JUnit Rules

Introduction
In this post I would like to show an example of how to use JUnit Rule to make testing easier.

Recently I inherited a rather complex system, which not everything is tested. And even the tested code is complex.
Mostly I see lack of test isolation.
(I will write a different blog about working with Legacy Code).

One of the test (and code) I am fixing actually tests several components together.
It also connect to the DB. It tests some logic and intersection between components.
When the code did not compile in a totally different location, the test could not run because it loaded all Spring context.
The structure was that before testing (any class) all Spring context was initiated.
The tests extend BaseTest, which loads all Spring context.

BaseTest also cleans the DB in the @After method.

Important note: This article is about changing tests, which are not structured entirely correct.
When creating new code and tests they should be isolated, testi one thing etc.
Better tests should use mock DB / dependencies etc.
After I fix the test and refactor, I’ll have confidence making more changes.

Back to our topic…
So, what I got is slow run of the test suit, no isolation and even problem running tests due to unrelated problems.

So I decided separating the context loading with DB connection and both of them from the cleaning up of the database.

Approach
In order to achieve that I did three things:
The first was to change inheritance of the test class.
It stopped inheriting BaseTest.
Instead it inherits AbstractJUnit4SpringContextTests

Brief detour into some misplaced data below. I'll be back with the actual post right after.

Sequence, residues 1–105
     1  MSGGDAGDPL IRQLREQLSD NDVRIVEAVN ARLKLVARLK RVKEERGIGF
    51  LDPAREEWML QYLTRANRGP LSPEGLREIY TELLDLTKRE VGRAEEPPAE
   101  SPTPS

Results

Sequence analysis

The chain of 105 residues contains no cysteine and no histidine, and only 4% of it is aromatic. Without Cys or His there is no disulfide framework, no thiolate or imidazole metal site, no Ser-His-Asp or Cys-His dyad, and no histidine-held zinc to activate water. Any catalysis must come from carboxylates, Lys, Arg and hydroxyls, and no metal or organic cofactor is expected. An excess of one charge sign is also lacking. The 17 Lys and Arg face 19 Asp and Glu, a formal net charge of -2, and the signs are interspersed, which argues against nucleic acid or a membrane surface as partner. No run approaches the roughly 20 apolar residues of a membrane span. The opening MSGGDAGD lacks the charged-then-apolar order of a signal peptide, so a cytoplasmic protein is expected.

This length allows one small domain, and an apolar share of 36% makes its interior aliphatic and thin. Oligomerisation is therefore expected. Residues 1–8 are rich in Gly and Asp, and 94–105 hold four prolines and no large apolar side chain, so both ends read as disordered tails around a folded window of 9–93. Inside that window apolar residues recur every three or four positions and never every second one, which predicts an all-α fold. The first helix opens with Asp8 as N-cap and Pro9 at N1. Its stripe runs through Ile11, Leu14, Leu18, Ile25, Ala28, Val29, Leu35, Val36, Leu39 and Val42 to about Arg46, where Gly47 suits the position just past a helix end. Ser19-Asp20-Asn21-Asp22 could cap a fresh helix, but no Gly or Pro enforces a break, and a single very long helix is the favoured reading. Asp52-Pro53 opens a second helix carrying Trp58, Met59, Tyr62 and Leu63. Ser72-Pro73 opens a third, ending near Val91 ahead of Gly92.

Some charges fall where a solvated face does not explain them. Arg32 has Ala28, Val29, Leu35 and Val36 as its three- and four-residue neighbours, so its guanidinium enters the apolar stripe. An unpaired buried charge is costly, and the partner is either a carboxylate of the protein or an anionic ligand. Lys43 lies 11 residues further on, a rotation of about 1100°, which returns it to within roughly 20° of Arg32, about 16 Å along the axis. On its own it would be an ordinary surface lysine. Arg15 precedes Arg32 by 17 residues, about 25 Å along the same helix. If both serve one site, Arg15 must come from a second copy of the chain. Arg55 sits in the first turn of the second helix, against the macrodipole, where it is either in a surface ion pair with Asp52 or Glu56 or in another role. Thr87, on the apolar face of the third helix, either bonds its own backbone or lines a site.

Now I can create my own context per test and not load everything.

Now I needed two rules, a @ClassRule and @Rule
@ClassRule will be responsible for DB connection
@Rule will cleanup the DB after / before each test

But first, what are JUnit Rules?
A short explanation would be that they provide a possibility to intercept test method, similar to AOP concept.
@Rule allows us to intercept method before and after the actual run of the method.
@ClassRule intercepts test class run.
A very known @Rule is JUnit’s TemporaryFolder.

(Similar to @Before, @After and @BeforeClass).

Creating @Rule
The easy part was to create a Rule that cleanup the DB before and after a test method.
You need to implement TestRule, which has one method: Statement apply(Statement base, Description description);
You can do a-lot with it.
I found out that usually I will have an inner class that extends Statement.
The rule I created did not create the DB connection, but got it in the constructor.

Here’s the full code:

Creating @ClassRule
ClassRule is actually also TestRule.
The only difference from Rule is how we use it in our test code.
I’ll show it below.

The challenge in creating this rule was that I wanted to use Spring context to get the correct connection.
Here’s the code:
(ExternalResource is TestRule)

(Did you see that I could make DbCleanupRule inherit ExternalResource?)

Using it
The last part is how we use the rules.
A @Rule must be public field.
A @ClassRule must be public static field.

And there it is:

That’s all.
Hope it helps.

Eyal

[Edit]
I got some good remarks from Logan Mzz at DZone: http://java.dzone.com/articles/junit-rules#comment-125673

  1. Link to Junit Rules: https://github.com/junit-team/junit/wiki/Rules
  2. There’s ErrorCollector rule, which avoids annoying test-fail-fix cycles for a single test.
  3. And RuleChain, which described in the comment

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